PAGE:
Now I’m here on day two of the Artswells Music Festival in Wells BC. The town is bustling alive with people, and music spilling out from buildings and people sitting on various patches of grass. I’ve removed myself from main street to chill out for awhile before meeting up to play some percussion and do some singing on Dave Newberry’s set at 8pm at the Tempest Church just up the street. I played at that venue this morning; the acoustics were amazing. It is gonna be fun to sing a little “Rock Bottom” and bang on the tambourine tonight.
Yesterday marked the ending of an amazing four day songwriting workshop, which was also held here in Wells. Dave Bidini and his band (Don, Paul & Kevin) were our trusty and brilliant facilitors/teachers. 18 writers + Dave and co. spent 7 hours a day in a room hanging out with a bunch of freshly written songs… teasing them apart, getting at the meat of the tunes. (Thus the need for the chill out this afternoon.) I am *deeply* inspired to challenge myself to craft better songs whenever/wherever I can. During the songwriting course I finished a new tune called “More Than A Hero”. Rock ‘n Roll! And definite album material. I have already had the opportunity to try it out live twice in front of Artswells audiences, and the song seems to be well received.
“If Harrison Ford had been on board
On the day you threw your keys out the window.
And if Johnny Cash had hid your stash
Would you have needed to make a crash landing.
Or would you still be flying?
I think it’s gonna take… more than a hero
I think it’s gonna take… more than a hero
I think it’s gonna take… more than a hero
I think it’s gonna take… more than a hero
to save you from yourself”
I also started writing a murder ballad (of all things!) this week about the daughter character “Lavinia” in Shakespeare’s play “Titus Andronicus” (Shakespeare’s most maligned play, and a terrible tragedy. Not sure I even dare read it. So I’ve been Cole’s Notes-ing it on the internet.) The tune is spooky, and I love it. I’m thinking I need to finish it because it would be a fine addition to the new record.
Q: Yo Ellis, are you ever going to finish that Shooting Star video any time soon?
A: Yes! Next week I finally have a breather from touring and recording and festivaling. First thing I’m going to do is sit down and edit that sweet little babe. Till then, it’s All things Artswells! See yah. xo k.
My heart leapt a little (okay… a LOT!) when I saw this cymbal playing monkey on the cash register at Taloola’s Cafe in Windsor Ontario. With the exception of a tap-dancing miniature pony, could this be any better a fit with Shooting Star?
Brian took this short video before our show last Friday night. For the rest of the tour every time one of us smiled or cracked a giggle, the other would turn and ask “Monkey?”. You can bet that was the reason why… resulting in several shuddering, guffaw meltdowns. (Speaking of meltdown: did I mention we were touring around Ontario in a non-AC Honda Civic during this huge heatwave?! Yes folks, some looooopiness occurred.)
I seriously contemplated going back the next day and offering the cafe $100 if I could please PLEASE keep this monkey! (Taloola folks, if you’re reading this… well, um… just saying!! ;-) )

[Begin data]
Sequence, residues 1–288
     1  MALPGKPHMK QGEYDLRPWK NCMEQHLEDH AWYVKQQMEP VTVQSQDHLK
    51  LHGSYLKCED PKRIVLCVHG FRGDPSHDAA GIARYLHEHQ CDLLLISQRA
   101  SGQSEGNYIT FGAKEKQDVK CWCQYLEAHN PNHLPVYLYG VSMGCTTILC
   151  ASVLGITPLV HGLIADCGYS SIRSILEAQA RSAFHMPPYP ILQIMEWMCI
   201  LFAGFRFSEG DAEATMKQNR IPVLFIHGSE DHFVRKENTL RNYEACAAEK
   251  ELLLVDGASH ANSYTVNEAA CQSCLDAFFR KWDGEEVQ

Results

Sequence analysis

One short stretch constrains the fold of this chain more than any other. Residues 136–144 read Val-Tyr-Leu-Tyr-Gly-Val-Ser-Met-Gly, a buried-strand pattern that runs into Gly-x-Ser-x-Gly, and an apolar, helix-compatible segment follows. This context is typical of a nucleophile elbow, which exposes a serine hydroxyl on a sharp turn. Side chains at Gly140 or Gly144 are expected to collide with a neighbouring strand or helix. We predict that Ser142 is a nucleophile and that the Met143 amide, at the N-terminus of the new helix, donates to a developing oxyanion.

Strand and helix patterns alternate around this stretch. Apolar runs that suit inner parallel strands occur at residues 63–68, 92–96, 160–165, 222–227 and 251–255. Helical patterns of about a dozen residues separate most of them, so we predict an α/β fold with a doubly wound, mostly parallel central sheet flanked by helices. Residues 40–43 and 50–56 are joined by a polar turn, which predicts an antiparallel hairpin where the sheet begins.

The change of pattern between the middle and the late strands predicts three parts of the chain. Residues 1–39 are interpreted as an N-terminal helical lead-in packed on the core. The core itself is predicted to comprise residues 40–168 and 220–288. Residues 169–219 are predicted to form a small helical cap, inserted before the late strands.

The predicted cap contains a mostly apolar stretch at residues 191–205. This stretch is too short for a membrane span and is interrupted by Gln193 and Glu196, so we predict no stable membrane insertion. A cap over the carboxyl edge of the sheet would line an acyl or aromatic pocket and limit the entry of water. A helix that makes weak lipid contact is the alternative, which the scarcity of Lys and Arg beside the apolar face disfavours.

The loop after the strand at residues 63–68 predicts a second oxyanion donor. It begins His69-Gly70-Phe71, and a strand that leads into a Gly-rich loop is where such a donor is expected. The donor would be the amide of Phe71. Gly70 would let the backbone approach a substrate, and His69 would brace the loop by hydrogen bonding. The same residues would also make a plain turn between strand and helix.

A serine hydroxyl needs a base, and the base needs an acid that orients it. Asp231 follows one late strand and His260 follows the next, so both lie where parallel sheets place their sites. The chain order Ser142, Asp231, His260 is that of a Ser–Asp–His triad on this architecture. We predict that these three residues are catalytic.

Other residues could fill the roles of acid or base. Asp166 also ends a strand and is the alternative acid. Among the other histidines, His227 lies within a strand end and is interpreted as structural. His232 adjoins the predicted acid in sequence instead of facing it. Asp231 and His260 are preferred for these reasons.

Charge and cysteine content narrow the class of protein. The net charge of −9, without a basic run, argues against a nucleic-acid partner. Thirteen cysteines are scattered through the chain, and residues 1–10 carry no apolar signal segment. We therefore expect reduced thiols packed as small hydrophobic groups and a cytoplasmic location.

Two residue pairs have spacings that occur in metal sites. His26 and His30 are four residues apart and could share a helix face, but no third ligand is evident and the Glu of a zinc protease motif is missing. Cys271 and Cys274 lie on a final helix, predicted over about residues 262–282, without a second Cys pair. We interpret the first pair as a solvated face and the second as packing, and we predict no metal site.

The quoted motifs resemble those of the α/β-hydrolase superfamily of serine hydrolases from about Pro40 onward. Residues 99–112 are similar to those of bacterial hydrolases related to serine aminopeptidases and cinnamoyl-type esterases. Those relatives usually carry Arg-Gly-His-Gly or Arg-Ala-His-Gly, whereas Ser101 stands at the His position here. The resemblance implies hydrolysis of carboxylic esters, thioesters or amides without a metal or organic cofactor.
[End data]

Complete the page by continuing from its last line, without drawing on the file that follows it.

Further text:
PS, Monkey was fine in the end. Had a dislocated shoulder that, I was told, happens from time to time.
Yesterday the last DVD arrived with footage on it for the Shooting Star video. Okay, I can tell you right now this is will be AWESOME FUN editing together the stuff that came in. The creativity and sense of wacky is GORGEOUS! Since it is probably going to be a few of weeks before I have a chance to finish the video, let me share with you readers some snap and screen shots from the submissions. A little taste of why I am so excited about this project! :)
Starting with… David F. from Thorold and his crew from Lake St.Peter (Ontario), who were the very first folks to send in footage.
Not only that, but I found this familiar face included in the files David sent me. Washboard Hank heard about my project through David I presume? – here he is… wearing full bells ‘n whistles!
Next came footage from Guido T. & Conny S. This may have been the furthest footage traveled to get here – all the way from Dusseldorf, Germany! (Later, you’ll see a submission from Solingen, Germany too. I’ll have to double check the distance in google maps.) Here is an example of horse power not only under the hood, but behind the wheel too.
A few days later, I received a memory stick full of footage from Toronto. Tania, Diane, Oscar, Shannon, Bella and Ken scripted several colourful scenes… an entire song’s worth… filmed them in a park in their “one-horse-town”. The memory stick included on-the-set photos too. Here are a bunch, starting with some shots of fabulous artwork by Oscar.
Here is the whole gang (minus Tania, who is behind the camera.)
Some close ups of the feature actors:
Then I received this lovely postcard in the (e)mail, It’s from Guido O in Solingen, Germany…
Next, Kat Leonard sent me some fabulous footage of her dancing around the stage one afternoon (By the way, Kat & I were co-participants in the blogging challenge I did this winter!). Here are a couple of screenshots:
Then Tania A. sent me some cool abstract footage of stars being lit up by a spot light and also a short clip of a pinwheel spinning. Here are some still captures of the shining stars:
A few days ago I received the penultimate submission from Laurie in Lilloet. That’s right folks, we’re home on the ranging with a bonafide cowgal and horse. [And yippee-yi-yeee, I used penultimate (meaning: second-to-last) in a sentence!]
Yesterday I received the last submission. A delightful scene in which Jay F. dances around in his hallway. He also included this still photo on the DVD: